The rake

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    PleasureJanuary 2018

    How Floris Blossomed on Jermyn Street

    One of the oldest merchants on Jermyn Street, Floris fragrances are synonymous with gentlemen of taste, from Winston Churchill to James Bond.

    captionFloris is Britain's oldest perfumer.

    Given the dominance of the fragrance market by designer brands and celebrity names – and its MO of pumping out products, giving them a matter of weeks on the shelves to either sink or swim – it’s easy to forget that there are both makers and fragrances that have kept their course and ploughed their perfumed niche for centuries. And that’s literally: as Edward Bodenham notes, with some awe, he’s the ninth generation head of a family firm that was founded in 1730. That makes Floris Britain’s oldest perfumer, and a stalwart of the same spot on London’s Jermyn Street for all that time.

    “Despite the feminine name, Floris came to be seen as more masculine because of the gentlemen who inhabited the area, back when it was all coffee houses and gentlemen’s clubs,” argues Bodenham, “even if they ended up wanting something to take home to their wife in the country.”

    Not that Floris – inevitably, given its longevity – is short with its roll-call of the great and good who have dabbed their jowls with a splash of their fragrance: yes, Mary Shelley, Eva Peron and – despite the claimed attachment to Chanel No. 5 – Marilyn Monroe were fans, but so were Beau Brummell, Winston Churchill and Ian Fleming – he favoured Floris No. 89, named after its Jermyn Street address – which is why his literary creation James Bond also favoured it. “And let’s just say that at first my boys didn’t think it was so cool that their dad worked for a perfumer,” Bodenham notes. “I had to tell them that the man who wrote the James Bond books wore it before they started to change their minds…”

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    Indeed, one would be forgiven for concluding that Fleming was on some kind of retainer, seeing how Floris is mentioned in Moonraker, Dr. No and Diamonds are Forever – a full quarter of all the Bond novels he wrote. Bond likes the soaps, lotions, and lime bath essence. Floris – along with other long-standing British perfumers, the likes of the recently-revived Atkinson’s – can lay claim to having pioneered a distinctively English, spicier sensibility in scent for men; up until which the market was dominated by floral eau de colognes out of Italy. But, remarkably, it was also producing scented products for the home as early as 1851, when it launched a range, as its catalogue put it, “for perfuming apartments”; today it holds a warrant as ‘Manufacturers of Toilet Preparations’ – how quaint – to Prince Charles.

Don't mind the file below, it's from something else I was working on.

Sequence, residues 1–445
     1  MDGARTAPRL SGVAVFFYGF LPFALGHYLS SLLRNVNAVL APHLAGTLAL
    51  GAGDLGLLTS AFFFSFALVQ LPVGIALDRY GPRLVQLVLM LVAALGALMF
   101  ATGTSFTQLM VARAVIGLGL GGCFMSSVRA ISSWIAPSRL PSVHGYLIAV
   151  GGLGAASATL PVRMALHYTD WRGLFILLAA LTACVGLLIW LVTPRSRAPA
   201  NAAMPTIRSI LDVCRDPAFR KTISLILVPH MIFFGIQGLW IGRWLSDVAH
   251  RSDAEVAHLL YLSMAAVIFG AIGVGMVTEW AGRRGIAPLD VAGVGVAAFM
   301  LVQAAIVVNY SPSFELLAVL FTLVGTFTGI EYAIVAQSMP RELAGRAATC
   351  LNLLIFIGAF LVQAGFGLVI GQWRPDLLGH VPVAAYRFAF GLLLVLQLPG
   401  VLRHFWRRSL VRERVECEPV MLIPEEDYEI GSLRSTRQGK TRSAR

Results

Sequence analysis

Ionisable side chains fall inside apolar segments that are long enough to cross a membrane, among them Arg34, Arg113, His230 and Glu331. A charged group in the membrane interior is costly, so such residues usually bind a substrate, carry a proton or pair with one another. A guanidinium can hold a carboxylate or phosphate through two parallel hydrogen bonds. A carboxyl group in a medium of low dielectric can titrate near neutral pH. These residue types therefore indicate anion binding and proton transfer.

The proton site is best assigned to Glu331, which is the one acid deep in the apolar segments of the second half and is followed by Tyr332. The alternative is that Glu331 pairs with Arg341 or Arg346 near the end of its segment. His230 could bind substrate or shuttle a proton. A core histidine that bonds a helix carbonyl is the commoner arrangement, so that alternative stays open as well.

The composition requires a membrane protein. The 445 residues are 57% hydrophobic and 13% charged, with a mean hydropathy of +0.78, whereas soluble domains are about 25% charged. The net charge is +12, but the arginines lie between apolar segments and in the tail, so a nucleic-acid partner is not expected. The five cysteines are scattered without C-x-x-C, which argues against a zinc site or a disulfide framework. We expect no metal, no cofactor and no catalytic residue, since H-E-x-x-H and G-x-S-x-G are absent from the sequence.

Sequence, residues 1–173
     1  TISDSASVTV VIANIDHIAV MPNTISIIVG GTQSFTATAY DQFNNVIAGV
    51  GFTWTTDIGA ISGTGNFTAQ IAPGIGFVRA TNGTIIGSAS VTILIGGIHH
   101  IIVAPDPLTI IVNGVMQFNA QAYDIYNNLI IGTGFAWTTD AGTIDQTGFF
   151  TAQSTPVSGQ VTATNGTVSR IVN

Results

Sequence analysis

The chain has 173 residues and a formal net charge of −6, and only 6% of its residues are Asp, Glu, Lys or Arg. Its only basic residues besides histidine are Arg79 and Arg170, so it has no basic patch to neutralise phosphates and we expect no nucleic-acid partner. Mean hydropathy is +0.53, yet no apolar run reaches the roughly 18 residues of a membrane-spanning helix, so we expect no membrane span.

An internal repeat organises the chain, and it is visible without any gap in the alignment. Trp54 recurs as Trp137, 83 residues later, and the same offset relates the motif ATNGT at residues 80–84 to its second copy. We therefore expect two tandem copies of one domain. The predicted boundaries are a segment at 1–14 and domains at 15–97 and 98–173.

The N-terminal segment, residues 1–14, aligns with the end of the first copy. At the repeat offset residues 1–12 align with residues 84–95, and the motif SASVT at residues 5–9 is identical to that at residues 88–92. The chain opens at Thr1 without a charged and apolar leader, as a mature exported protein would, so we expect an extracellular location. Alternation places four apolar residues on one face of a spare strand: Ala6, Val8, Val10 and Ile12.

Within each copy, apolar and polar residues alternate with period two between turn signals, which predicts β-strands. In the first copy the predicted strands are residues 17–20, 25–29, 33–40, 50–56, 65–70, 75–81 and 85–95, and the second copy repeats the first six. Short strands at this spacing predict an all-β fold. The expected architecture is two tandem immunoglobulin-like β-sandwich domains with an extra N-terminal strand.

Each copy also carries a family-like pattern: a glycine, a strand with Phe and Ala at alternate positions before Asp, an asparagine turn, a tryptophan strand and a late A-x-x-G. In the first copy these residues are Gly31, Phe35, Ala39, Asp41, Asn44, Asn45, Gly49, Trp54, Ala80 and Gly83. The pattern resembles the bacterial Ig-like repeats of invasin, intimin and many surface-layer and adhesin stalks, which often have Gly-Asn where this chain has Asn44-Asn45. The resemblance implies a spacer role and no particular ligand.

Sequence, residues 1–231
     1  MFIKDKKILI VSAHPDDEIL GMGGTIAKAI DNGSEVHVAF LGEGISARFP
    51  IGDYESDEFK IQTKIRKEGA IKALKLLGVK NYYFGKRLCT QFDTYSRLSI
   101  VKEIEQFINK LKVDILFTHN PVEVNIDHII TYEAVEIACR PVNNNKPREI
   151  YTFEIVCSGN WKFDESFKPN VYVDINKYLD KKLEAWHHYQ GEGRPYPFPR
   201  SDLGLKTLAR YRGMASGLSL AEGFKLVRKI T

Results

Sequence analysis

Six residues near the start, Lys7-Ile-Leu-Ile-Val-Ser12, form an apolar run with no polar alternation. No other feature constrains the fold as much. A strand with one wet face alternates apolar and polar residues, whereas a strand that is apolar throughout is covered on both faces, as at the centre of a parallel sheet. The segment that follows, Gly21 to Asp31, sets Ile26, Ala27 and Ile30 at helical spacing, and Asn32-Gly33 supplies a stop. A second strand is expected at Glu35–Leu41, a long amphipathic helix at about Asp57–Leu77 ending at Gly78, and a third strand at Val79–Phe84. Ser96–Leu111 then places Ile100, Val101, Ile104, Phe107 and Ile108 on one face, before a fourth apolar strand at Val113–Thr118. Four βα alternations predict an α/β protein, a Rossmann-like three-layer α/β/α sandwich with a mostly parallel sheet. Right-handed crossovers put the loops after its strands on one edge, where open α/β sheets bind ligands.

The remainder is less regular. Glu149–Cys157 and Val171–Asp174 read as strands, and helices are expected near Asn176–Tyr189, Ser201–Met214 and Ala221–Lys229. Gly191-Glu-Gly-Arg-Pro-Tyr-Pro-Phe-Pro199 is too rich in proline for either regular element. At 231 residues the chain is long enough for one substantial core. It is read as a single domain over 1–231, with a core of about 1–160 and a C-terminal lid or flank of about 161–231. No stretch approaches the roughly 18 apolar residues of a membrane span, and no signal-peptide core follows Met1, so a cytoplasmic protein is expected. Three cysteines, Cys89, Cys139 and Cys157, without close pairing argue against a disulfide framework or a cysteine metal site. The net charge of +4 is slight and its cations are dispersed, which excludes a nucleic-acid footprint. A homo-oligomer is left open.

Perhaps this is why Bodenham’s earliest memory of being introduced to the family firm was the smell of pot pourri emanating from the shop. “Pot pourri was big at the time,” he recalls, “although I always remember the smell of my father’s clothing when he came home from work. It was a mix of all the fragrances he had worked with that day.”

    Juan Famenias Floris’s children no doubt had the same experience. He’s the immigrant from Menorca who founded the company, initially as a barber and comb-maker – the company’s first royal warrant was as ‘smooth pointed comb-makers’ to King George IV – before he found a more buoyant market for the scents he was making, then largely inspired by his Mediterranean background.

    Of course, back then the world was a smellier place, and not in a good way. In Floris’ archives there’s a letter of 1863 from Florence Nightingale, thanking the then Mr. Floris for the “sweet-smelling nosegay” he had sent her; and one can imagine that in the sweltering heat of a Crimean army hospital tent it would have been most welcome. These days Floris scents are much more about pleasure – with, even if you’re a hard-man like Bond, a bit of pampering.

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    Contributor

    Josh Sims

    Josh Sims is a writer on menswear, design and much else for the likes of Wallpaper, CNN, Robb Report and The Times. He’s the author of several books on menswear, the latest ‘The Details’, published by Laurence King. He lives in London, has two small children and is permanently exhausted.

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